Sixty-one patients with 76 liver metastases were treated with SBRT between February 2010 and September 2011 in this phase II study. Baseline patients and treatment characteristics are previously described in a published paper on preliminary results [16, 17]. Twenty-eight patients (45.9%) received liver-directed therapy before the SBRT treatment. Particularly, 21 patients were treated with hepatic surgery, 2 with RFA and 5 with both. Twenty-nine patients (47.5%) were treated for CRC liver metastases, 11 (18%) for breast cancer hepatic lesions and 7 (11.5%) for gynecological cancer liver metastases. Other primary tumors were exocrine pancreas in 5 patients, lung in 3 patients, kidney in 2 patients, melanoma in 2 patients and head and neck in 2 patients. Most of lesions (82%) were treated with the full prescription dose of 75Gy in 3 fractions, 8% with 67.5Gy (reduction dose of 10%), 5% of lesions with 60.0Gy (reduction dose of 20%) and 5% with 52.5Gy (reduction dose of 30%). At the time of SBRT, 21 (34.4%) patients presented with stable extrahepatic disease and 40 (65.6%) had no evidence of other sites of metastases.

All clinical cases were discussed by a liver multidisciplinary board including an expert hepatic surgeon. According to the international expert consensus [25] for all patients was defined the un-resectable status, considering the presence of one or more of following main factors.

Extrahepatic disease

Twenty one (34.4%) patients presented un-resectable extra-hepatic disease at the time of SBRT

Prior hepatic surgery

Twenty one (34.5%) patients were pre-treated with liver surgery and a second resection was not feasible

Age and comorbidity

Twenty four (39%) are elderly patients and 40% of patients presented relevant comorbidities which did not allow the use of chemotherapy (16.4%) or the continuation beyond the first line of systemic therapies (24.6%)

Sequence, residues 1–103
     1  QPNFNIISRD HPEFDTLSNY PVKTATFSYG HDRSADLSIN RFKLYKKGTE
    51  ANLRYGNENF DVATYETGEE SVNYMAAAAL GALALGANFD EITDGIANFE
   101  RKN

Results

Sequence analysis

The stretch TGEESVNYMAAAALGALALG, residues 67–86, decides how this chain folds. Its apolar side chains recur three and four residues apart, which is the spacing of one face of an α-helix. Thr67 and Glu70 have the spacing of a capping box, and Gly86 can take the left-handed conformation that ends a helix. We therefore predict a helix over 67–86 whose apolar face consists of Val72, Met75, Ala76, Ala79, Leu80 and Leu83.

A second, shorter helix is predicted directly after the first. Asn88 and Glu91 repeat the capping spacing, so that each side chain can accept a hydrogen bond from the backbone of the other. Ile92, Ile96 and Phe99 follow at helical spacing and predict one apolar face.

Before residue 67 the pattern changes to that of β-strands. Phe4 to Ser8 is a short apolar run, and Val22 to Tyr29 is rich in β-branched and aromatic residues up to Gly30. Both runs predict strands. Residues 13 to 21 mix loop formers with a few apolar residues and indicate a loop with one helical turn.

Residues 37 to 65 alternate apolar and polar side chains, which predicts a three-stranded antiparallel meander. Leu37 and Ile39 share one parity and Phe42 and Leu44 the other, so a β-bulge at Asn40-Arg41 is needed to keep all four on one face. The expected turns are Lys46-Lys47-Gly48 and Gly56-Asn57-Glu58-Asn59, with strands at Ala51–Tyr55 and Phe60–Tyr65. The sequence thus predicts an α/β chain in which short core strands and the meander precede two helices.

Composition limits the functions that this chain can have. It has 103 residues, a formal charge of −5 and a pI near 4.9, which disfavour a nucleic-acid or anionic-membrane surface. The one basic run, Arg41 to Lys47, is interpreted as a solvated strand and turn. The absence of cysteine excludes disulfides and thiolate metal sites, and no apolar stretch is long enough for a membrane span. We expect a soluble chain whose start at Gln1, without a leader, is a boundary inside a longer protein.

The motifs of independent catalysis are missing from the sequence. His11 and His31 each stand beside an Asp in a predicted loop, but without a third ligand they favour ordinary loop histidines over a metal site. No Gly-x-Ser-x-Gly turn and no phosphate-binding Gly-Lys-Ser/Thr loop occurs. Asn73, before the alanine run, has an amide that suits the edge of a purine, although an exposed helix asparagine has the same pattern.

Lesions site

Thirty one (51%) patients presented central lesion, located close to the central biliary tract (HBC) and portal vein (PV).

According to the literature [26, 27] central lesions were defined as lesions located outside of the central liver zone, defined as a 2-cm expansion around the course of the portal vein contoured to its bifurcation in the liver. We treated 31 (51%) patients with a total of 40 (53%) central lesions with a prescription doses of 52.5Gy (4 lesions), 60Gy (6 lesions), 67.5Gy (60 lesions) and 75.0Gy (24 lesions).

The median FUP was 6.1 years (range 3–82 months).

At the time of analysis, 10 patients (16%) are alive, without progression of disease. Most of the deceased patients (94%) died for progression of disease. The remaining patients died of non-cancer related causes. After SBRT, 12 (20%) patients presented intrahepatic progression only (of these 8 (13%) with extra-field progression and 4 (6%) with extra- and in-field progression), 17 (28%) patients showed extra-hepatic progression only and 16 (26%) patients presented both intra-hepatic and extra-hepatic progression of disease. Median OS was 27.6 months (95%CI: 23.2–34.8) and a range of 2.1–81.5 months and the survival rates were 85.2 ± 4.5%, 31.1 ± 5.9% and 18.0 ± 4.9% at 1, 3 and 5 year after SBRT, respectively. Figure 1a showed the Kaplan-Meier curve for OS. At univariate analysis, survival was significantly better in patients with favorable primary disease (colorectal, breast and gynecological cancer) compared to other primary sites of metastases (p = 0.001), as showed in Fig. 1b. The OS was independent of tumor size of liver metastases (p = 0.47) and the presence of stable extra-hepatic disease did not correlate to OS (p = 0.88). Patients with a single lesion presented with a 5 year OS of 28.6%, compared to 14.9% for patients with 2–3 lesion, however this difference was not significant (p = 0.22). Patients pre-treated with more than 2 line of chemotherapy (CHT) had a 5 year OS of 10.9% compared to 30.4% for those who received 0 or 1 line of CHT before the SBRT, but also this difference is not significant (p = 0.10). Table 3 summarized the univariate analysis results for OS.